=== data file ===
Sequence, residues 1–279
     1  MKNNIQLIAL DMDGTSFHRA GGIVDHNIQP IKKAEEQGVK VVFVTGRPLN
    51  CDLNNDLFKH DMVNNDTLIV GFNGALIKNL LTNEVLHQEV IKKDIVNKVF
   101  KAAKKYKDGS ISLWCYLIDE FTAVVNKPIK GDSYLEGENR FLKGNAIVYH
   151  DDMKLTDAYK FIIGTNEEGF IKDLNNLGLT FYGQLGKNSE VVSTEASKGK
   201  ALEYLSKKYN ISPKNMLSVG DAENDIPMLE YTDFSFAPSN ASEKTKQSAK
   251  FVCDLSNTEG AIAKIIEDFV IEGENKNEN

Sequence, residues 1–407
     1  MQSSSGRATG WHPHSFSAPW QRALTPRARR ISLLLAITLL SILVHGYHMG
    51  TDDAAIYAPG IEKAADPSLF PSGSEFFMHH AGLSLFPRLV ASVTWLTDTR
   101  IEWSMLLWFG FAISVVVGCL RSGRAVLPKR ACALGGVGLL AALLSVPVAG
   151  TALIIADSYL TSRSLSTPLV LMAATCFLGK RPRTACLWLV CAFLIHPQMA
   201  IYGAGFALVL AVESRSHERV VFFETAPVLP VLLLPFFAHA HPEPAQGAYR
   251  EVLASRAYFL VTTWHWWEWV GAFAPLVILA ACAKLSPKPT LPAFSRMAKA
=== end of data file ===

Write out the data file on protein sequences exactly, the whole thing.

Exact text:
Sequence, residues 1–279
     1  MKNNIQLIAL DMDGTSFHRA GGIVDHNIQP IKKAEEQGVK VVFVTGRPLN
    51  CDLNNDLFKH DMVNNDTLIV GFNGALIKNL LTNEVLHQEV IKKDIVNKVF
   101  KAAKKYKDGS ISLWCYLIDE FTAVVNKPIK GDSYLEGENR FLKGNAIVYH
   151  DDMKLTDAYK FIIGTNEEGF IKDLNNLGLT FYGQLGKNSE VVSTEASKGK
   201  ALEYLSKKYN ISPKNMLSVG DAENDIPMLE YTDFSFAPSN ASEKTKQSAK
   251  FVCDLSNTEG AIAKIIEDFV IEGENKNEN

Sequence, residues 1–407
     1  MQSSSGRATG WHPHSFSAPW QRALTPRARR ISLLLAITLL SILVHGYHMG
    51  TDDAAIYAPG IEKAADPSLF PSGSEFFMHH AGLSLFPRLV ASVTWLTDTR
   101  IEWSMLLWFG FAISVVVGCL RSGRAVLPKR ACALGGVGLL AALLSVPVAG
   151  TALIIADSYL TSRSLSTPLV LMAATCFLGK RPRTACLWLV CAFLIHPQMA
   201  IYGAGFALVL AVESRSHERV VFFETAPVLP VLLLPFFAHA HPEPAQGAYR
   251  EVLASRAYFL VTTWHWWEWV GAFAPLVILA ACAKLSPKPT LPAFSRMAKA